The day my parents dropped me off at college, my Dad said to me, “Do what you want, just don’t date an engineer.”
The Engineer and I met later that afternoon. We became an official couple two months later—I say official, because the girls in my dorm would tease me about being “courted” by the quiet guy on the second floor. We took long walks along Lake Mendota, sat on the pier at Memorial Union with our feet in the water, and fell in love as the trees changed. Fast forward five years and we were married. Two more and we had our son, Little Darcy.
For awhile in those first months my Dad and I maintained an email string entitled “The Engineer.” I told him about the new man in my life and my dad acquiesced that he seemed alright, for an engineer. But I shouldn’t get too attached. My Dad eventually met TE and fell a little in love himself.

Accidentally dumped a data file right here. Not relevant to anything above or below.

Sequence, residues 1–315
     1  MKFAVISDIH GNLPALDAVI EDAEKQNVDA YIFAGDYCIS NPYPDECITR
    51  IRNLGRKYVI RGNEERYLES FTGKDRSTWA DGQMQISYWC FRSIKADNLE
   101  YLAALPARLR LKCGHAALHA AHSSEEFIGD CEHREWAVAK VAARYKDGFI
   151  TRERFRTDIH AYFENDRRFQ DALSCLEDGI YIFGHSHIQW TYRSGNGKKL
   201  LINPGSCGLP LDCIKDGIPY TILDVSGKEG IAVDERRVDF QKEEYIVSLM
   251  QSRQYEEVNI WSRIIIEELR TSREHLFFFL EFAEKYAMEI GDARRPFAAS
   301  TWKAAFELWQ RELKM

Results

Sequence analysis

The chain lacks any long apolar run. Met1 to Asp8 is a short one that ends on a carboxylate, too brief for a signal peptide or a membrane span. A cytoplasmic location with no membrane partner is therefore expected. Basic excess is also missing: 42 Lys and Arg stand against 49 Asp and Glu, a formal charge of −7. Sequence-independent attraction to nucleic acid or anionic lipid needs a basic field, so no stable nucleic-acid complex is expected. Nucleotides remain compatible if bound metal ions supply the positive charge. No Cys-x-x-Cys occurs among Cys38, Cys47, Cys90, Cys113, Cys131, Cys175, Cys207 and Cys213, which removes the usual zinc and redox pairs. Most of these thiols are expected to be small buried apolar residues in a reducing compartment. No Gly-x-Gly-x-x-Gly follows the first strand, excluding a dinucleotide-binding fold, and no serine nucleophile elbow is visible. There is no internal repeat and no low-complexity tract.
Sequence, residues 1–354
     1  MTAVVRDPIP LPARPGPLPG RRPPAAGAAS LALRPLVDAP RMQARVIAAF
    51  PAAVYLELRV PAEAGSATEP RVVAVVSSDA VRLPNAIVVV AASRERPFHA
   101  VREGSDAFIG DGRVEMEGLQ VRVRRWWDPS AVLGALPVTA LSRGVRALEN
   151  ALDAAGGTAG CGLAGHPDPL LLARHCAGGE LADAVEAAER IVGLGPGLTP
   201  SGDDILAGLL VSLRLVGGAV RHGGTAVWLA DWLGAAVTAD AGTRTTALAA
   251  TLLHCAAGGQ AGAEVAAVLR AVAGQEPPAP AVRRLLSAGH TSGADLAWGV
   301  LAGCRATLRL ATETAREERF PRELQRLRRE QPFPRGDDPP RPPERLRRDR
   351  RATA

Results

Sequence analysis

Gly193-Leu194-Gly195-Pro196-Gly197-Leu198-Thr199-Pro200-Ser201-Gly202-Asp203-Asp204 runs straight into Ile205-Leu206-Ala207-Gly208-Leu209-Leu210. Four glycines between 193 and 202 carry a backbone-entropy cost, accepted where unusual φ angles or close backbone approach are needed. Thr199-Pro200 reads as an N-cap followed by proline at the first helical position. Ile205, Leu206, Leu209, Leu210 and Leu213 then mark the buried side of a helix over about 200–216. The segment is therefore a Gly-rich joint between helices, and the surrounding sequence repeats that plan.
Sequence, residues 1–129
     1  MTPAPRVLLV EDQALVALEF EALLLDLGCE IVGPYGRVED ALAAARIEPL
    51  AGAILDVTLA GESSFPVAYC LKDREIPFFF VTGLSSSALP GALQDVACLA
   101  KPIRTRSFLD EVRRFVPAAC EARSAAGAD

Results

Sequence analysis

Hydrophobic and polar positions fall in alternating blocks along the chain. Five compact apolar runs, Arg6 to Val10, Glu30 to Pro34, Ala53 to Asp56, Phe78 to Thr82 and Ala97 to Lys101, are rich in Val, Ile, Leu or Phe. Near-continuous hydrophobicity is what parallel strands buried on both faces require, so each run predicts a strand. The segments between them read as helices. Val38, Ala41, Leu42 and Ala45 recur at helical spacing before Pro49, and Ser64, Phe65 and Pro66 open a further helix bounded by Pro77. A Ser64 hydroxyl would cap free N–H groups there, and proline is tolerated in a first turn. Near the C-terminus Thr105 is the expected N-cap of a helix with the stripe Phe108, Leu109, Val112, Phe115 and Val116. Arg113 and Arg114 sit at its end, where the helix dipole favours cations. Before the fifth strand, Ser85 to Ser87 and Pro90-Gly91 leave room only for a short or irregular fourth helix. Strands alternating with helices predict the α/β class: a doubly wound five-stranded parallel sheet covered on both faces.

In many ways TE is just that—an engineer. On the surface he seems to present many of the engineering stereotypes my Dad dislikes—a little analytical, a bit aloof, maybe even arrogant. What TE really is, however, is a thinker. A deep one. “Think before you speak” isn’t just an expression for him—it’s a way of life. Only for TE, it’s more like “contemplate your reply for at least seventeen hours, driving your wife slowly insane in the process.” (I’m joking, a little. Except yesterday I asked TE if he wanted me to grab him a soda for the car—and I’m still waiting to hear if he wants a Sprite.)
My Engineer also happens to be the sweetest, most compassionate soul I’ve ever met. Adorably humble, he doesn’t recognize his own intelligence (Doesn’t everyone remember everything they read?). Honest to a fault. One of the first comments he ever made to me was, “The way your ears poke through you hair makes you look a little like a monkey.” It’s probably never a good idea to compare a girl to a monkey.
My Engineer has been honest from the beginning. Not ugly honest. Not beautifully honest. Just real, uncompromising. His willingness to speak openly about his downfalls and failures inspires me daily to share more authentically. But maybe without the monkey analogies.
Do you have any Engineers in your life? Would my Dad approve? Tell me about them!